Portland Jazz Festival slipped by like a stealth bomber, like an underground speakeasy, like a super-hip fad, like so many things we can’t all see. The annual flower of PDX Jazz draws audiences into theaters and clubs by the hundreds with dozens of shows. After twelve years, it has earned the expectation of carrying legendary names and some of the youngest critically-acclaimed players on the scene. The venues stretch into all quadrants but remains focused downtown.
In commemoration of their 12th Anniversary, the program spanned twelve days, ending with Ron Carter at The Newmark Theater in the afternoon, with Lucky Peterson at The Aladdin Theater by night—quite a way to cap it off on Sunday. Typically, festivals peter out by this time, but in fact, even the Festival’s Managing Director, Don Lucoff enjoyed one last drink ‘round midnight in the underground speakeasy of Pepe le Moko, where I too enjoyed a drink over Noah Bernstein with Andre St. James.
Having jumped in late, and having been in San Francisco from the festival’s opening until mid-week (travel article forthcoming) I was not able to obtain Ron Carter seats or any of the headliner concerts. Another Ambit writer was set to attend some things, but in the world of volunteer driven media, sometimes it just doesn’t happen. This all said, I enjoyed what I got: Portland Jazz Composers Ensemble (PJCE) at The Old Church and the above mentioned free show.
The Old Church is a great place for a concert; there were four events in there. I will admit that there is a mid-range acoustic trap in arched ceilings, so everything kind of rings in that range—it is perfect for choral music so indeed the architect did their gig. But this is not bad for jazz, and of course, church is just a good place to be.
Opening the whole program was Metropolitan Youth Symphony Jazz. What a great opportunity for the kids. They’re big kids, especially the bassist, whose name I failed to pin down but definitely was not a youth. He was the most experienced player—in his forties or so—and very lively, fleshing out the fledgling sound of pre-college jazzists. It is fun watching teenagers play virtuosic music. As they roll through head arrangements with ease and taste, you think that these players are remarkable—and they are!—but then you see them bounce through solos and struggle to expand from the primary melody. The voice of jazz is truly represented in the soloist and these kids’ crack when they speak—but this is not a problem. They execute the form and it is fun to watch someone earnestly pushing themselves a little harder. All of them have the potential for a musical career and deserve it.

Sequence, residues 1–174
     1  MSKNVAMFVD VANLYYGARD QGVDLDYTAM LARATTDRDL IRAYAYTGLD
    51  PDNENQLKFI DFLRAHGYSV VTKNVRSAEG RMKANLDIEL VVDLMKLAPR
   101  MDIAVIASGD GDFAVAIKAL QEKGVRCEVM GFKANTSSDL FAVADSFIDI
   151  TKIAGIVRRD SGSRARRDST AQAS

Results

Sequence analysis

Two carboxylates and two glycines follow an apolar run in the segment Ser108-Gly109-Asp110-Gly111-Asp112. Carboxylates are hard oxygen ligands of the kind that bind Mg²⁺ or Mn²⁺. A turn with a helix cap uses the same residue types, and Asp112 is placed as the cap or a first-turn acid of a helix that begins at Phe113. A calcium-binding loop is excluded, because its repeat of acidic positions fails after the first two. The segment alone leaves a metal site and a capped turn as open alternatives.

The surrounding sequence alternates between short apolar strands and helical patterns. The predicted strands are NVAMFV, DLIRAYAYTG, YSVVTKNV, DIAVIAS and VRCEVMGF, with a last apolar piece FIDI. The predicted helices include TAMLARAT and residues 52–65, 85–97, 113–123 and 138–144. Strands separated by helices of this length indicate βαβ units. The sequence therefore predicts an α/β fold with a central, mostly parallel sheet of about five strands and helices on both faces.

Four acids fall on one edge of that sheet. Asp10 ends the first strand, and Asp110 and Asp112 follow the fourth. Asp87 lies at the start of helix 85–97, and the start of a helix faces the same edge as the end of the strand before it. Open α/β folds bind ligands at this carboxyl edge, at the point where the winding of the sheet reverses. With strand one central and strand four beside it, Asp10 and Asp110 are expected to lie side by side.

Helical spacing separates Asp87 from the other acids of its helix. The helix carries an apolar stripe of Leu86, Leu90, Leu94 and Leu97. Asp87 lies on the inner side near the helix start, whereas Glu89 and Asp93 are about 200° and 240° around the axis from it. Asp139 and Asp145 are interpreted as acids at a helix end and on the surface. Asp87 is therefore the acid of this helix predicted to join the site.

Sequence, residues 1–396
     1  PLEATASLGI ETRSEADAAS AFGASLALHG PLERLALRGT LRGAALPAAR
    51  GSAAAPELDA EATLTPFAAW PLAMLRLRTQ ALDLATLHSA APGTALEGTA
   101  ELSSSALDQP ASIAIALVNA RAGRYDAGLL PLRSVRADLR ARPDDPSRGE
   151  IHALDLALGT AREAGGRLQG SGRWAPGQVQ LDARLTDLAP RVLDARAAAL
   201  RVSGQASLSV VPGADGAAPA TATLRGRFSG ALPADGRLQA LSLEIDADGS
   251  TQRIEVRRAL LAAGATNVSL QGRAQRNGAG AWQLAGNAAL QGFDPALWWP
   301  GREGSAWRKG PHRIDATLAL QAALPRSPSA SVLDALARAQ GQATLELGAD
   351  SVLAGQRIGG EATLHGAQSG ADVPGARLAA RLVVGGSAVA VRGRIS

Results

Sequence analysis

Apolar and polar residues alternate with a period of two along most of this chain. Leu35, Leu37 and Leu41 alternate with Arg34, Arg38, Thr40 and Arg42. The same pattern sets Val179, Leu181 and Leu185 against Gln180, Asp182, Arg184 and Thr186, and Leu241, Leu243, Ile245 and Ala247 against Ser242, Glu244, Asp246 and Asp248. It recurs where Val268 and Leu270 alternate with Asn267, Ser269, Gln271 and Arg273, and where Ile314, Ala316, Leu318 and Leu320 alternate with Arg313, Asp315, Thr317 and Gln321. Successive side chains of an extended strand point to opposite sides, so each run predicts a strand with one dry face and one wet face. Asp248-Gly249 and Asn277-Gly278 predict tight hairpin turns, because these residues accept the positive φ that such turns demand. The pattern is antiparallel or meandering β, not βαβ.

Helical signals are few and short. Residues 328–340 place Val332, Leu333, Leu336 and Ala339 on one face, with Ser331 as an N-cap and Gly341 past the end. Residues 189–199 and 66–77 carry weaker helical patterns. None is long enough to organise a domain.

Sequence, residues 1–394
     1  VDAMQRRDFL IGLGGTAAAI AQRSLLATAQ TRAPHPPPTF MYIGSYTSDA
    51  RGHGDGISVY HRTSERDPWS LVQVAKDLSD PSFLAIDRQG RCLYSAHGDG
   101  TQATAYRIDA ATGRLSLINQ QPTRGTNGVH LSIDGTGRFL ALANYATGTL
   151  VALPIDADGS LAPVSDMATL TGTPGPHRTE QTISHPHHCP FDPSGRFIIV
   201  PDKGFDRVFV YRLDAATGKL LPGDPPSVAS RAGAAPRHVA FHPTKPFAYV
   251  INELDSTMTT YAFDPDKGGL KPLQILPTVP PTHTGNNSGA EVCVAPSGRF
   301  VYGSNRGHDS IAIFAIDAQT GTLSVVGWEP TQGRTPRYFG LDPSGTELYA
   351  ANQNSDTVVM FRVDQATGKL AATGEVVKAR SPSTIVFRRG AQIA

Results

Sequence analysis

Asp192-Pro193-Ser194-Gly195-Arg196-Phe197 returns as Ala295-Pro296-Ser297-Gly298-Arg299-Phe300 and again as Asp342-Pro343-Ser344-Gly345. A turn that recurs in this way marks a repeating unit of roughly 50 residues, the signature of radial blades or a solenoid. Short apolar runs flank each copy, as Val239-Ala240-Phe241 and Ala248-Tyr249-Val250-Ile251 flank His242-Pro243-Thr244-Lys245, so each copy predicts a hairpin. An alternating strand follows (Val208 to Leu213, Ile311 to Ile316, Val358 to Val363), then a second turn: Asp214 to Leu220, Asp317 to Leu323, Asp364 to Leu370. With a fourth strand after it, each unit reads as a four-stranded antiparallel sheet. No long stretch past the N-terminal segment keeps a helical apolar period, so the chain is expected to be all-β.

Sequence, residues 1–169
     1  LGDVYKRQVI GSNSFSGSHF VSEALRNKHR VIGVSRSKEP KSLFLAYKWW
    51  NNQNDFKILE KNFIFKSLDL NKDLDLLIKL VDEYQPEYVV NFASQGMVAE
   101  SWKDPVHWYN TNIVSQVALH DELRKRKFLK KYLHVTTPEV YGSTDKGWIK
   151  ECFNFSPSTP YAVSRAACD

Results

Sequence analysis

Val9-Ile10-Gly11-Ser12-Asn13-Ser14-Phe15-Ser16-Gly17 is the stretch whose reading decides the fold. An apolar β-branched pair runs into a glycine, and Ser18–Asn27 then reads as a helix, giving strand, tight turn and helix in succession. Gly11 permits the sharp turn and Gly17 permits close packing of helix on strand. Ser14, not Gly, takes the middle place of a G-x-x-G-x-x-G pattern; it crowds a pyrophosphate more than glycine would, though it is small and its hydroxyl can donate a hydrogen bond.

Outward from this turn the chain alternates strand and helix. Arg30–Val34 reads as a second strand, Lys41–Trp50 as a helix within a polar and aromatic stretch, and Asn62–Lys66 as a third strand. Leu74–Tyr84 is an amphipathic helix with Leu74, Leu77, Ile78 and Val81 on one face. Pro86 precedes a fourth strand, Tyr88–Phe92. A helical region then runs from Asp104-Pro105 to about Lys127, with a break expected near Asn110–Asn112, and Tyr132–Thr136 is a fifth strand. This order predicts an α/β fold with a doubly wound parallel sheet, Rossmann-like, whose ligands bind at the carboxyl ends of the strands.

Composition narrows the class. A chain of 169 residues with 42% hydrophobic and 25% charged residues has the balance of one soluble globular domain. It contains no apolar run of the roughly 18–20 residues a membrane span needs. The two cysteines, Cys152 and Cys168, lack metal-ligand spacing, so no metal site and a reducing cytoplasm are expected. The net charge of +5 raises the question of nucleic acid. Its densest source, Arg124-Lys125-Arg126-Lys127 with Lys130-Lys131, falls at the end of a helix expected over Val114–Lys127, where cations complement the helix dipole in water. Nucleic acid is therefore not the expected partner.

Perhaps MYSJ serves a reference to the more experimental modes of Portland Jazz Composers. To the first time player, a standard is something that stretches your limits, but once you’ve been around and done that, you can only get that from new, complex jazz compositions. Man, even like drugs—because music is a drug—you can’t get enough until you’ve tried the newest, most potent stuff.
PJCE has a record label and their All-Star band presented a strong program of original music published by the collective. The selections were not announced in print, but I can recall some unique work; it is the sound of contemporary jazz from the creative network of Portland’s strongest players and composers. It contrasted all those standards that perhaps MYSJ grudgingly learns to pass through the jazz gauntlet, to absorb the lexicon. In the scope of things, however, PJCE are also the young players of the whole festival. This is almost like a master class for them.
The rhythm section is strong with Ken Ollis, drums, and Jon Shaw, bass. Both of these players frequent the improvised music scene. This is the composer’s ensemble, but a well known cross-over exists in the improviser’s circle. Jazz is improvisation over structure—chaos over order—and the shape of that structure changes with each decade. The simple head arrangement formula is left at the door with PJCE, inviting all kinds of interesting methods that I don’t see on this side of the sheet. When players like Ken and Jon are working together, that complex foundation is solid yet wide open. Their musical support is like a freeway. At the peak of every song the sonic capacity is jammed, but when traffic thins out, these fellows carry the song.
I like the way Ken keeps on his snare as the counterpoint to his time-keeping ride cymbal—and it is a beautifully tuned kit—reminding me of the most compelling players of the late sixties. Jon can walk the bass, but sometimes he stops in the park, takes off his shoes and digs his feet in the dirt. The saxophone is free to wander all around, pull ahead or take a seat. Somehow they end up back on the walk, at the same destination at the same time, without arguing along the way.